Snappy Tatter lace-work comes in a variety of colors. I try to steer clear of white for everyday jewelry unless it is requested because whites will discolor from the oils and cells from your skin. I think white is fabulous for small work that can easily be cleaned like a Dainty Flake Pendant or for earrings that are not close to your skin. I enjoy using white and light colors in my Couture designs, like the Winter Gala shown here, because they are not meant to be worn frequently and with proper storage, stay clean for a long time.
The Angel Couture is backed with sheer gold organdy for a shimmery natural effect and to protect the white lace from your skin.
Designs like Chardonnay, Princess and Chantilly are stunning in shades of white.
To me, keeping these gorgeous pieces of jewelry looking new should be simple. Spot cleaning is all that is usually necessary but there is a tip that can help prevent the need to clean:
Keep your hands and skin clean and dry!
Easy Peasy. Try to avoid moisturizers on skin that will be showcasing your glamorous jewelry. Moisture will make it easier for skin to stain the fiber. There are a couple of things I have tried and found success with when it comes to cleaning your whites and light colors. I will use the “dirty Dainty” as an example. I had made a little snowflake and found a dark fiber trapped in the knots so, to me, it was unusable. So I abused it. I put a little dusty dirt on my fingers and rubbed it on half and touched my oily, makeup-laden, face and rubbed that on part of the Dainty Flake as well. Then I let it sit around for months. Seriously. I forgot about it on purpose.
Here’s what the Dirty Dainty looked like before my attempts to clean it:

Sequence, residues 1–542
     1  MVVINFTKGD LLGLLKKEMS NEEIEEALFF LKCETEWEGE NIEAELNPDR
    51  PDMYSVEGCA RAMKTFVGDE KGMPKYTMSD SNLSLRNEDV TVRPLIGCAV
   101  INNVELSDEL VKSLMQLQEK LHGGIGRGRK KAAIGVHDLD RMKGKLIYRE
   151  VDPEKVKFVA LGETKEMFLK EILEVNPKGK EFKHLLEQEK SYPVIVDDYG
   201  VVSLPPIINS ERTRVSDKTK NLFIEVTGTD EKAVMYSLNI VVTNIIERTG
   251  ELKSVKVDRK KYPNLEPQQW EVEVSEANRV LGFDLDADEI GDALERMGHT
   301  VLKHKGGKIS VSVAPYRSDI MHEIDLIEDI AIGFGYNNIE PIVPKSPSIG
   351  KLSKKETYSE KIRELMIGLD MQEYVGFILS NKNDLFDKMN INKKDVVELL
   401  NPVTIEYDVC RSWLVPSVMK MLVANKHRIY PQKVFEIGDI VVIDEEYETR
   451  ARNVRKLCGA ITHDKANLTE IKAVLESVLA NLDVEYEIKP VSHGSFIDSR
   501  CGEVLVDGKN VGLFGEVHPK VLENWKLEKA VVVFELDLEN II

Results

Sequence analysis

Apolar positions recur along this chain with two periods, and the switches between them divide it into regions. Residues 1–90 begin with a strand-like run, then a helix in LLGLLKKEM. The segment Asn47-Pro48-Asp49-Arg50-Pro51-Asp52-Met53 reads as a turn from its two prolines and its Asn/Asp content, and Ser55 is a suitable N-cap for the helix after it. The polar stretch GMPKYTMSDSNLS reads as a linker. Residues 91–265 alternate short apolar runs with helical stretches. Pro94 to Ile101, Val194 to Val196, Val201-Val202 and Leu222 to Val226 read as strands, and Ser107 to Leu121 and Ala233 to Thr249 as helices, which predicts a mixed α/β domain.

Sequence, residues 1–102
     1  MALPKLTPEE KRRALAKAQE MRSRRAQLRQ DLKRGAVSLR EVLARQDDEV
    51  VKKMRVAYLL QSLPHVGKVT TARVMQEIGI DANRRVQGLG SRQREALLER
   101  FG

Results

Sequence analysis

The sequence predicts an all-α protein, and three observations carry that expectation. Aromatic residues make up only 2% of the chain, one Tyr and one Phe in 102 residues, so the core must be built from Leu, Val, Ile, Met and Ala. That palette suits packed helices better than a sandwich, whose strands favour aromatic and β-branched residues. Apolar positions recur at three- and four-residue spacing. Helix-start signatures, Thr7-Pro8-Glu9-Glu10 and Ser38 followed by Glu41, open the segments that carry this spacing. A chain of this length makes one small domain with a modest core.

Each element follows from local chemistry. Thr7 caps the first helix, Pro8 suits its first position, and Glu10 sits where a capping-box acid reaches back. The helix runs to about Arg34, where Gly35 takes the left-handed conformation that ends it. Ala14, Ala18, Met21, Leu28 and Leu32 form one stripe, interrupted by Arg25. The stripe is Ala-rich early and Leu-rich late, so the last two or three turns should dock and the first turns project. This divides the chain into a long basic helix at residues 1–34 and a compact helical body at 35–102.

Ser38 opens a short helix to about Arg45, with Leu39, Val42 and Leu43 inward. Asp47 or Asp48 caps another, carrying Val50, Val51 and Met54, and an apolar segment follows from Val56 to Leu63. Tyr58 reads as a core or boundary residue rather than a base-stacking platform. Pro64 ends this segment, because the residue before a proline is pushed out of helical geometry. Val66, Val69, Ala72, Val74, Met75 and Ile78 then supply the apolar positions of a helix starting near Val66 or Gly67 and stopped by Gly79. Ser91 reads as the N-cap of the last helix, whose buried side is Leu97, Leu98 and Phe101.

When I found the dirty Dainty a few months later, it looked filthy. Ew! Determined to bring this Flake back to it’s original non-color I first worked with Hydrogen Peroxide. Nothing special. The same stuff you get at the drugstore for a dollar that most everyone has in their medicine cabinet. Hydrogen Peroxide has gentle bleaching properties. I saturated a Q-tip (a cotton ball for larger areas) and gently rubbed the stains, moistening the area with the H2O2. I let it sit for a few minutes, repeated the gentle rubbing and rinsed well with cool water. A little stain remained but the Dainty had become mostly white. The top right ring was still dark and I knew that was where I had applied the skin oil/makeup from my face. So I chose Rubbing alcohol on a Q-tip rubbed into the fibers in the same manner as the Peroxide.
Voila! A crisp white Snowflake. No editing needed for this photo! The background was pretty dirty too, so I switched to a darker cloth that gives better contrast. I think the Flake may be whiter than it was originally! And now I can’t find the dark fiber that was tangled in the knot.
I suggest Hydrogen Peroxide for most stains and dirt. Rubbing alcohol seemed to work well with the greasy stain. I would also use rubbing alcohol around metal jewelry components and beads because of its ability to evaporate quickly. That way your Sterling or gold is not exposed to moisture for a prolonged period which can cause it to oxidize.
These suggestions are only meant for my own handmade lace jewelry. Other tatters may have different suggestions for their tatting. I would contact the designer to find out what they recommend. I send simple information on TLC (tatted lace care) with every order from my Etsy shop. And I am always available to answer questions just send me a message!
I hope this is informative and helps ease the minds of my peeps who enjoy buying light-colored tatted jewelry.
Live, Love, Tat!